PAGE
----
A culture of safety

By Kelly-Ann Prinsloo

We look at South Africa’s mining culture and the way in which it contributes to how safe (or unsafe) mineworkers are daily.

South Africa is a treasure trove of mineral wealth: deposits of nearly every precious stone, mineral and metal known to humankind have been unearthed here to some degree.

In Phalaborwa, home to the world’s largest open-pit copper mine, the Sotho people had been digging up copper as far back as 400 CE. Modern commercial mining began in earnest, however, with the discovery of a ‘shiny rock’ on a farm on the banks of the Orange River in 1866. That shiny rock is known as the 21-carat Eureka diamond. Three years later, the discovery of the 83.5-carat Star of South Africa sparked the country’s first great mineral rush, with more than five thousand diggers rushing first to the Vaal River and then on to Kimberley.

The gold rush of 1886 began when gold was discovered on Johannesburg’s Witwatersrand, and would continue in earnest for more than a century. That gold is the foundation upon which South Africa was built.

For more than 100 years, mining has playing a defining role in South Africa’s collective identity. South Africa’s strong mining culture has persisted for many decades, but has been forced to evolve over the years as the industry and the technology it employs also evolved.

Despite this, health and safety on mines is still a major concern. Last year, mining minister Mosebenzi Zwane went on a safety crusade: by applying section 54 of the Mine Health and Safety Act, the Department of Mineral Resources (DMR) is able to shut down mining operations while it conducts investigations in the event of a mine accident. Section 55 of the Act allows it to shut down a part of the mine.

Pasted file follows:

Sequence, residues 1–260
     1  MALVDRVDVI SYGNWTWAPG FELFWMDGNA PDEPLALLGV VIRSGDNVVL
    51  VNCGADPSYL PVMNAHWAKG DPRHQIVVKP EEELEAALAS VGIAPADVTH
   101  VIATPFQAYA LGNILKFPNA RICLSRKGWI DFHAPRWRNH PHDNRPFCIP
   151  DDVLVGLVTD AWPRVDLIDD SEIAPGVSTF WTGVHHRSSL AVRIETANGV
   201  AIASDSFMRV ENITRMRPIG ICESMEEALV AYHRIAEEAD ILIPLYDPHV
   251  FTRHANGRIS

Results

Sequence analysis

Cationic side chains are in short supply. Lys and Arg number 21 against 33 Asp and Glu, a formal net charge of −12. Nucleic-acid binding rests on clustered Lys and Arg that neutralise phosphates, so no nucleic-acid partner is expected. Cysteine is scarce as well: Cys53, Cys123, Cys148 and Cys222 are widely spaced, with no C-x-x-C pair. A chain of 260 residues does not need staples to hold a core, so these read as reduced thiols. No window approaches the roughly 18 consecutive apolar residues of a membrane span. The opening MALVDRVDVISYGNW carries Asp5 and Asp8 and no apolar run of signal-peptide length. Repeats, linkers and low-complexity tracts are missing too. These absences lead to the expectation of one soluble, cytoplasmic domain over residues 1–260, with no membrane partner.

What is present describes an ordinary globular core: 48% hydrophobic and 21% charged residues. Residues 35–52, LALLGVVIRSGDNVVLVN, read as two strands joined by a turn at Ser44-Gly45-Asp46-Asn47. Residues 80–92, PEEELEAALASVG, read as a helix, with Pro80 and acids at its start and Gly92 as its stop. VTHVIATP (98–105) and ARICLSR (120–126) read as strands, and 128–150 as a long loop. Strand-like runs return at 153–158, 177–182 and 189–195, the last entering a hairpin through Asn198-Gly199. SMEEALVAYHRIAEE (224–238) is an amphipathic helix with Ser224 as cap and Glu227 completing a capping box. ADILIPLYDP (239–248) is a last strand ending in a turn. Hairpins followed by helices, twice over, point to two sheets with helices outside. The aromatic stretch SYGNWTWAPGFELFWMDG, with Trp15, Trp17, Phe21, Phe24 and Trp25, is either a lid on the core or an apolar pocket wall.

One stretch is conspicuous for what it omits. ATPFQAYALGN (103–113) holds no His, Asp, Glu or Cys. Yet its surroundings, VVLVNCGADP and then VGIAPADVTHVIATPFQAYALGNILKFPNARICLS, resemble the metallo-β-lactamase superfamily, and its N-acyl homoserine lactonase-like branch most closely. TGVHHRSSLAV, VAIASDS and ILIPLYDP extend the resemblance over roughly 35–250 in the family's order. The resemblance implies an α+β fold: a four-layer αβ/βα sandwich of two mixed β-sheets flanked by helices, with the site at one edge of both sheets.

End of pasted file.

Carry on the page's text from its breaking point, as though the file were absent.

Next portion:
In July this year, Sibanye Gold’s chief executive officer, Neal Froneman, said the DMR was “destroying hundreds of millions, if not billions of rand in value”, because of unnecessary safety stops. According to Froneman, Sibanye has lost R135-million in revenue in the 12 months to June 2016 at its Kroondal platinum mine due to government safety stops.

The DMR responded to Froneman’s complaint by saying that society cannot afford to compromise human lives in the interest of commercial gains.

This has been a key problem in South Africa’s mining industry since 1866 — the financial well-being of the mine is more important than that of the people who work there. However, strides have been made in ensuring worker safety: data from the Chamber of Mines shows that the death toll in South African mines (which are the deepest in the world) fell for seven straight years to a record low of 77 deaths in 2015. In 1993, 615 South African miners died on the job.

But problems persist.

Safety culture

In April 2005, the results of the South African mining industry’s safety culture survey — initiated by the Mine Health and Safety Council’s research arm, SIMRAC, and carried out by SAFEmap — were released.

According to the Mine Health and Safety Council, the purpose of the survey was to identify strategic opportunities and a direction for the mining industry’s safety effort. This was to be done by analysing the major strengths and weaknesses in the work culture of South African mines. A secondary objective was to make comparisons with other international mining industries. Fourteen mines participated, all selected to represent a stratified sample of the industry.